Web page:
The concepts included in sleep hygiene (adapted from the above study) are as follows:


Nov 23, 2011

Research about animated biofeedback and its effects on children who have elimination disorders appears in the December issue of the Journal of Urology. A report by Rueters can be accessed here, the PubMed abstract can be accessed here

 

Dr. Kajbafzadeh of the Tehran University of Medical Sciences in Iran led a study that involved a total of 80 children randomly assigned with 40 subjects in either Group A or Group B. The average age group was 8-9 years with more than 75% of the children being female. Group A received 6-12 sessions of animated biofeedback in addition to behavioral modification while Group B received behavioral modification only. The animated biofeedback used a computer program with images of dolphins or monkeys to get children to activate and relax the pelvic floor muscles. This type of training could then help the children understand how to relax the muscles with emptying the bowels or bladder, and to have active, more healthy muscles in general. Behavioral modification included education in hydration, high fiber diet, and scheduled voiding. At baseline, and at 6 and 12 months, data was collected regarding dysfunctional voiding scores, constipation and fecal soiling episodes/week, and uroflowmetry.

 

The results were very positive, with vesicoureteral reflux resolving in 7 of 9 children. (Vesicoureteral reflux occurs when urine moves from the bladder towards the upper urinary tract instead of flowing out of the urethra. This can create urinary tract infections (UTI), kidney scarring, and in severe cases, kidney failure.) 10 of 14 children did not have a return of UTI within 1 year from the start of the study. Bladder capacity and voided volume did not significantly change. The authors report that PVR (post-void residual, or how much urine is left in the bladder after voiding) improved as did urine flow. Within 12 months after treatment, children who reported fecal soiling at baseline were symptom-free, and 17 of 25 who had constipation were symptom-free. The control group also had improvements in symptoms but these were not as significant as in the group receiving animated biofeedback therapy. 


May 13, 2011

In a study from the Center for Aging at the University of Alabama, Birmingham and the Birmingham/Atlanta Veterans Affairs Geriatric Research, Education, and Clinical Center, researchers determine that physical therapy, bladder control strategies, and biofeedback significantly reduced the incidence of urinary incontinence in post-radical prostatectomy males when compared to a control group.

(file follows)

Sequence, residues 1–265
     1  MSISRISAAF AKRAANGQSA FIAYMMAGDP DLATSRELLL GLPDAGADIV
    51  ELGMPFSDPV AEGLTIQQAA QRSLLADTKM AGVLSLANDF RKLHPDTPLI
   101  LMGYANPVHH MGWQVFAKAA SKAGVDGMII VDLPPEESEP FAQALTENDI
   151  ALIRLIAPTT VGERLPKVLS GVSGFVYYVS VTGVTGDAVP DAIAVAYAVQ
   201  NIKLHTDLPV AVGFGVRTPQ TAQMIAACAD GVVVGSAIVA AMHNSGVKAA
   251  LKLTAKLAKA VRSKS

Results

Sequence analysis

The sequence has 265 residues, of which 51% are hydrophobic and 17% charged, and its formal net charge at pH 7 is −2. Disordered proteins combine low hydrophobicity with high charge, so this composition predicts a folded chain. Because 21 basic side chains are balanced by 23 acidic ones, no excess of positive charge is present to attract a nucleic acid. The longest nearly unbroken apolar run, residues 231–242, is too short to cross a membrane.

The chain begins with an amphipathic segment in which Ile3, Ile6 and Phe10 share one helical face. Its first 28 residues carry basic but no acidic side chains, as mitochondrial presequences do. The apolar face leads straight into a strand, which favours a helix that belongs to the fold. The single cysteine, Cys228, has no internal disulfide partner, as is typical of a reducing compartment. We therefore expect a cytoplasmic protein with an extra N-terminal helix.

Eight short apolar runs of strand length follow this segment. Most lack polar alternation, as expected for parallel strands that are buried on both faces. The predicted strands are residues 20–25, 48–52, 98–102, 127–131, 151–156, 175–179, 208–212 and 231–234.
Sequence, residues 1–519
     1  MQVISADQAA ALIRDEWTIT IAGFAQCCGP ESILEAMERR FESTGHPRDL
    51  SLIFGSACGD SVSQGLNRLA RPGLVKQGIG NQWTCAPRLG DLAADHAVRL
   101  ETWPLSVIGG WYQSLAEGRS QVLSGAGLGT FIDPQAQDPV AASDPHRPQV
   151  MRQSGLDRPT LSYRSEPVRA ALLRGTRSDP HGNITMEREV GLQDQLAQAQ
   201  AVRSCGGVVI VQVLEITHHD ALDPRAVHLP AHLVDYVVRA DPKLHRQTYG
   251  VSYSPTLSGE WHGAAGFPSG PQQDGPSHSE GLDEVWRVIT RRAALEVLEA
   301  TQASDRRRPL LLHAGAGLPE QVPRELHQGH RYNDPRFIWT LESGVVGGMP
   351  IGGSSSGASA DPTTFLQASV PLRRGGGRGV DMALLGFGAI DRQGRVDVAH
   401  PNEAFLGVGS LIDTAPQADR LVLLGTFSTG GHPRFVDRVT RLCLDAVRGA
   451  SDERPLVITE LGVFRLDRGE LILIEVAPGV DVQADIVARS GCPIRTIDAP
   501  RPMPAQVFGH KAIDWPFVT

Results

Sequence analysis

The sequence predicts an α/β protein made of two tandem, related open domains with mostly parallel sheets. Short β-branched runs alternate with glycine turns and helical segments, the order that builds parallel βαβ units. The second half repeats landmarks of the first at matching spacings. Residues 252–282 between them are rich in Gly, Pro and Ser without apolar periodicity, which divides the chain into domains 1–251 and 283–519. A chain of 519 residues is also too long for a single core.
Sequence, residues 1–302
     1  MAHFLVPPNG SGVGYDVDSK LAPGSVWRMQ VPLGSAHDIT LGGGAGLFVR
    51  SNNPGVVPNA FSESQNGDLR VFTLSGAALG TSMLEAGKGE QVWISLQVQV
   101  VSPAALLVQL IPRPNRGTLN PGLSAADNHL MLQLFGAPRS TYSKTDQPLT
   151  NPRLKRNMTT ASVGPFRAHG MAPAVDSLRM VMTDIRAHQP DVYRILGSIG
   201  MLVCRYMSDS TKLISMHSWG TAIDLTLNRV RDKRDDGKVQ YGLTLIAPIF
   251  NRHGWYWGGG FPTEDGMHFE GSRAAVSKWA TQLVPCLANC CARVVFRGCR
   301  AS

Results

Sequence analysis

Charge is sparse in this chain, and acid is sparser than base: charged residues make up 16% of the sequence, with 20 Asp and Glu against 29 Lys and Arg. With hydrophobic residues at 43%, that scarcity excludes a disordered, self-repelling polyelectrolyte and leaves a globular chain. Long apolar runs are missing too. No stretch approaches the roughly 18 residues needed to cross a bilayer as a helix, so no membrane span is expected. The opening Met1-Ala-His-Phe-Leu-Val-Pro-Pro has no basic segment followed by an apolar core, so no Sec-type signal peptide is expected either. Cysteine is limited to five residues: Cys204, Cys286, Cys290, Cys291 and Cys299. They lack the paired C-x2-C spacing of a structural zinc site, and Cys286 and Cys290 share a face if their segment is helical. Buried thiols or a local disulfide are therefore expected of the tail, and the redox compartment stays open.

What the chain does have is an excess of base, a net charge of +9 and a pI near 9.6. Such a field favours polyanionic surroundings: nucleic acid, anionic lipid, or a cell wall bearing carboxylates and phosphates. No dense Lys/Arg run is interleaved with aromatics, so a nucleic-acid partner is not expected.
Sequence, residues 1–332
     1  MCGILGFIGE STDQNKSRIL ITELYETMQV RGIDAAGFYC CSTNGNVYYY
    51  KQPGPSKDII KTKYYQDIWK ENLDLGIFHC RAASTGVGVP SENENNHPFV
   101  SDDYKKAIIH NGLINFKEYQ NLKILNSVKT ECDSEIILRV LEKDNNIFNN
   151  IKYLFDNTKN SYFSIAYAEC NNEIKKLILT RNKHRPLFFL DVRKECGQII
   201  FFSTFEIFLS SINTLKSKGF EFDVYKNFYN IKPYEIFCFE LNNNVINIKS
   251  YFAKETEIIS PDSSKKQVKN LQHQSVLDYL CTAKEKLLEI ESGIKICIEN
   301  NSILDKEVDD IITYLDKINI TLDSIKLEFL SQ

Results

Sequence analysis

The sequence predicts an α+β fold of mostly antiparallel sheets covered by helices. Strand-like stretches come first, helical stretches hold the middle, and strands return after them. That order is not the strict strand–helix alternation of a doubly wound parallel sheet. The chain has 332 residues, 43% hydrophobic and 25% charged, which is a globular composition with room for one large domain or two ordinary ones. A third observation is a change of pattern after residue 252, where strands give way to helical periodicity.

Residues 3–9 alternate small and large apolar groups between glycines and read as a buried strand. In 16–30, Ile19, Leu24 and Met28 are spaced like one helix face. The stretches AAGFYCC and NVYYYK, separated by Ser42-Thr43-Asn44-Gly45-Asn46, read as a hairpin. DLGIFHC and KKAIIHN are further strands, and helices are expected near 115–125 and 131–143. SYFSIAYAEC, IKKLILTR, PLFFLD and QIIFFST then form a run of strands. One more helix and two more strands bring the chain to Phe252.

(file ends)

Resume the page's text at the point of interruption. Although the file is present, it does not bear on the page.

Check out the abstract of the study here.


Upcoming Continuing Education Courses

Pelvic Floor Level 1 - Durham, NC (SOLD OUT)
Apr 25, 2014 - Apr 27, 2014
Location: Duke University Medical Center

Myofascial Release for Pelvic Dysfunction - Portland, OR
Apr 25, 2014 - Apr 27, 2014
Location: Legacy Meridian Park Medical Center

Finding the Driver in Pelvic Pain - Milwaukee, WI
May 01, 2014 - May 03, 2014
Location: Marquette University

Visceral Mobilization of the Urologic System - Winfield, IL
May 02, 2014 - May 04, 2014
Location: Central DuPage Hospital Conference Room

Rehabilitative Ultrasound Imaging: Women's Health and Orthopedic Topics - Seattle, WA
May 03, 2014 - May 05, 2014
Location: Swedish Hospital - Issaquah campus

Rehabilitative Ultrasound Imaging Orthopedic Topics - Seattle, WA
May 03, 2014 - May 04, 2014
Location: Swedish Hospital - Issaquah campus

Pelvic Floor Level 1 - Scottsdale, AZ (SOLD OUT)
May 16, 2014 - May 18, 2014
Location: Womens Center for Wellness and Rehabilitation

Pelvic Floor Level 2A - Maywood, IL (SOLD OUT!)
May 16, 2014 - May 18, 2014
Location: Loyola University Stritch School of Medicine

Pelvic Floor Level 3 - San Diego, CA
May 30, 2014 - Jun 01, 2014
Location: FunctionSmart Physical Therapy

Pelvic Floor Level 1 - Arlington, VA (SOLD OUT)
Jun 06, 2014 - Jun 08, 2014
Location: Virginia Hospital Center

Care of the Postpartum Patient - Houston, TX
Jun 07, 2014 - Jun 08, 2014
Location: Texas Children’s Hospital

Bowel Pathology and Function - Minneapolis, MN
Jun 07, 2014 - Jun 08, 2014
Location: Park Nicollet Clinic--St. Louis Park

Oncology and the Female Pelvic Floor - Orlando, FL
Jun 21, 2014 - Jun 22, 2014
Location: Florida Hospital Sports Medicine and Rehabilitation

Myofascial Release for Pelvic Dysfunction - Dayton, OH
Jun 22, 2014 - Jun 23, 2014
Location: Southview Hospital

Pelvic Floor Level 2A - Derby, CT
Jun 27, 2014 - Jun 29, 2014
Location: Griffin Hospital